Medulloblastoma, the most common malignant paediatric brain tumour, arises in the cerebellum and disseminates through the cerebrospinal fluid in the leptomeningeal space to coat the brain and spinal cord. Dissemination, a marker of poor prognosis, is found in up to 40% of children at diagnosis and in most children at the time of recurrence. Affected children therefore are treated with radiation to the entire developing brain and spinal cord, followed by high-dose chemotherapy, with the ensuing deleterious effects on the developing nervous system. The mechanisms of dissemination through the cerebrospinal fluid are poorly studied, and medulloblastoma metastases have been assumed to be biologically similar to the primary tumour. Here we show that in both mouse and human medulloblastoma, the metastases from an individual are extremely similar to each other but are divergent from the matched primary tumour. Clonal genetic events in the metastases can be demonstrated in a restricted subclone of the primary tumour, suggesting that only rare cells within the primary tumour have the ability to metastasize. Failure to account for the bicompartmental nature of metastatic medulloblastoma could be a major barrier to the development of effective targeted therapies.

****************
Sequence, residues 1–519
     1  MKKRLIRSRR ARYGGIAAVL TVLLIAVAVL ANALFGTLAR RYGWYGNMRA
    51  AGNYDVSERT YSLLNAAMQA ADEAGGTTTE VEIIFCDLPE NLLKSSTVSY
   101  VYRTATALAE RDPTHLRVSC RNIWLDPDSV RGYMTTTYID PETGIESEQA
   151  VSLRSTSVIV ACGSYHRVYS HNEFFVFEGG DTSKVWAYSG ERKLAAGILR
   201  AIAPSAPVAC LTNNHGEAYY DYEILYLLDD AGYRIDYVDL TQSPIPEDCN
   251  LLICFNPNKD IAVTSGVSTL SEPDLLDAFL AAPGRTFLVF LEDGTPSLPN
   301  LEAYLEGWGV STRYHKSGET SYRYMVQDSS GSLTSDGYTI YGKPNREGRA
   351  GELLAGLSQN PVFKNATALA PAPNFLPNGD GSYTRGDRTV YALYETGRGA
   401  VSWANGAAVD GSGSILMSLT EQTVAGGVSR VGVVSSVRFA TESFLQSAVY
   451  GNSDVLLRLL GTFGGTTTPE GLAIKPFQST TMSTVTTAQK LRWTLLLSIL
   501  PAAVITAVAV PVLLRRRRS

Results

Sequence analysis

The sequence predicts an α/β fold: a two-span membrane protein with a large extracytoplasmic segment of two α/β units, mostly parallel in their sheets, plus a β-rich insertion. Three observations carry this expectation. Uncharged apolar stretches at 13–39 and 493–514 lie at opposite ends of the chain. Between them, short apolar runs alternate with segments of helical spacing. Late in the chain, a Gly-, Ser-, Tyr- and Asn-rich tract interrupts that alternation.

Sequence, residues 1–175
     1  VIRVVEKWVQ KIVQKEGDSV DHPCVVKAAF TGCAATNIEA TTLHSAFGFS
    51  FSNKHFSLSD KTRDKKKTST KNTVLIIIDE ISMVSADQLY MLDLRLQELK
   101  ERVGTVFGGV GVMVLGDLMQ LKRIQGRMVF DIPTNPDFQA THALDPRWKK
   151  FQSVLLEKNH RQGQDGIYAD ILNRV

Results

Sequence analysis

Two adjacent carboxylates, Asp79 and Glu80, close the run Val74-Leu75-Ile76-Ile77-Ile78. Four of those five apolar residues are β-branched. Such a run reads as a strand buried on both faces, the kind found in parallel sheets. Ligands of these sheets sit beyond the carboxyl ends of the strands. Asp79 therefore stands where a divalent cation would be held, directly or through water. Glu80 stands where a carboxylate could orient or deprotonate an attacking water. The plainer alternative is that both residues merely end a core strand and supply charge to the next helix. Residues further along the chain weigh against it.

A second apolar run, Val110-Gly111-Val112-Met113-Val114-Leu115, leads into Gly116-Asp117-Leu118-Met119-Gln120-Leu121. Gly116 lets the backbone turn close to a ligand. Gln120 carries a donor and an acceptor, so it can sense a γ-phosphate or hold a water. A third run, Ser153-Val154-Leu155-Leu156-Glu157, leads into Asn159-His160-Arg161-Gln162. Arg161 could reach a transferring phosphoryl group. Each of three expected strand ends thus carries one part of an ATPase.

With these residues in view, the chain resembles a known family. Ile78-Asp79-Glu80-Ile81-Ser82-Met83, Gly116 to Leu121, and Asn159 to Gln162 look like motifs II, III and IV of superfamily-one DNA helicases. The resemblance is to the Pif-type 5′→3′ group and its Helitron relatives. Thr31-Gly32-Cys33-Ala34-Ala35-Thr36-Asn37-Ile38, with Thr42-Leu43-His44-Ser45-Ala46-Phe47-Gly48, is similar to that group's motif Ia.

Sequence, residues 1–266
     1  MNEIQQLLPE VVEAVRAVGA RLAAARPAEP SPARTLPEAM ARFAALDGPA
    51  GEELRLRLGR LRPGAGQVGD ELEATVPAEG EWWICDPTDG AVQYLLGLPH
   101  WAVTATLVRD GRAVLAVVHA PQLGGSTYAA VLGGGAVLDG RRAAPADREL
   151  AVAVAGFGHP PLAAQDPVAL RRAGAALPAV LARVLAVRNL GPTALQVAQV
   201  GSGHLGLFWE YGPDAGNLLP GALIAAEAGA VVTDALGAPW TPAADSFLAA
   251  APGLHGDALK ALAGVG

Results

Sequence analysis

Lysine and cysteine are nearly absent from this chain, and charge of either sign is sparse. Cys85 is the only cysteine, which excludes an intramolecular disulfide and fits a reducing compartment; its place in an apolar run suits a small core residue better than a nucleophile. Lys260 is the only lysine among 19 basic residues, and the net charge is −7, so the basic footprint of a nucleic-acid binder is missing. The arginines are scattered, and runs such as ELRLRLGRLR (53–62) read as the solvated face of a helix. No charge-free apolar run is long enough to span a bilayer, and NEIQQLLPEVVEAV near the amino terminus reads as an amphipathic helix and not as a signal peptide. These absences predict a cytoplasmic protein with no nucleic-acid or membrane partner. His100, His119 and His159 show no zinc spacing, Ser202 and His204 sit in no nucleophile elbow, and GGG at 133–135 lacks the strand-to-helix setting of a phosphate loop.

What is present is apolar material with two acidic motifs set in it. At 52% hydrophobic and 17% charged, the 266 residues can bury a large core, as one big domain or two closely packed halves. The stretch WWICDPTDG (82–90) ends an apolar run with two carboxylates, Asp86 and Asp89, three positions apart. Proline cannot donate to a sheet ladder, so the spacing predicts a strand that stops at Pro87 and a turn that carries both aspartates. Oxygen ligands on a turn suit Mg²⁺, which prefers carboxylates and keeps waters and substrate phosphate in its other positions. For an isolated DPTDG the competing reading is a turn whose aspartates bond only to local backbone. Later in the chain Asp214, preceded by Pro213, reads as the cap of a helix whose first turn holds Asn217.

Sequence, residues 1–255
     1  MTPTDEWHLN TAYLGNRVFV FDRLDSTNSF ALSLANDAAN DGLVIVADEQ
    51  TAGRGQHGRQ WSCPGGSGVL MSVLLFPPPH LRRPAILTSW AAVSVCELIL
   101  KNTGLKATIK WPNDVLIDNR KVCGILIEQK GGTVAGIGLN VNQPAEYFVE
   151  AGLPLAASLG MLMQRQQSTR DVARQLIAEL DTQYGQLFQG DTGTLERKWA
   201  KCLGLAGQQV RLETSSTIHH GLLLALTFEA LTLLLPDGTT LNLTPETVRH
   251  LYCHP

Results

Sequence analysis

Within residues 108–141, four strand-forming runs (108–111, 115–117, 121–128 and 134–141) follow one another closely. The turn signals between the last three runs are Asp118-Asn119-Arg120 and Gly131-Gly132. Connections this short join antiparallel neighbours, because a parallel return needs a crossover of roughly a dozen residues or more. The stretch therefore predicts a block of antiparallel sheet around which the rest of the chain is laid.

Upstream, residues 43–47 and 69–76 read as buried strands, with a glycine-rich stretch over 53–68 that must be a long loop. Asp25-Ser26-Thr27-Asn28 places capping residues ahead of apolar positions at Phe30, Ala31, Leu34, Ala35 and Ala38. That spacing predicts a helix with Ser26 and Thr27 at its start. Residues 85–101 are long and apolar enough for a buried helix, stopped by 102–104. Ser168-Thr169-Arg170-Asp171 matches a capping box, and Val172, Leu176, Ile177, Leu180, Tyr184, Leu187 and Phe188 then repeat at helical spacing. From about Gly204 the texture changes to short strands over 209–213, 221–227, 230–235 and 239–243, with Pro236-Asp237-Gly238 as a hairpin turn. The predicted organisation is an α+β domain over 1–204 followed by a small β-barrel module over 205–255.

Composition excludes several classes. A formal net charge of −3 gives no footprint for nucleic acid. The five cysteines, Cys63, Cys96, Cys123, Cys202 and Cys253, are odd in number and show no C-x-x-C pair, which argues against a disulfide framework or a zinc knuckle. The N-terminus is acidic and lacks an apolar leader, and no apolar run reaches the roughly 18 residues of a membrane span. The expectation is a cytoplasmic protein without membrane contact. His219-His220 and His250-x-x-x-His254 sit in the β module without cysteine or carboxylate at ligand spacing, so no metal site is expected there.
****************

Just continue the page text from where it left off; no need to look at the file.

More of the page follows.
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Acknowledgements M.D.T. holds a Canadian Institutes of Health Research Clinician-Scientist PhaseIIAward,was aSontagFoundationDistinguishedScholar,and is supported by grants from the National Institutes of Health (R01CA148699), the Pediatric Brain Tumor Foundation, the Canadian Cancer Society, and Brainchild. X.W. was supported by a fellowship from the American Brain Tumor Association in tribute to Tracy Greenwood. L.G. was supported by a fellowship from the Davis M. Ferguson Fund from the American Brain Tumor Association. A.D. was supported by a Vanier Doctoral Fellowship from the Canadian Institutes of Health Research. L.S.C. was supported by a grant (K01CA122183) and a Kimmel Scholar award from the Kimmel Foundation. C.E. was supported by a grant from the National Institutes of Health (NS055089). We thank S. Archer for technical writing assistance.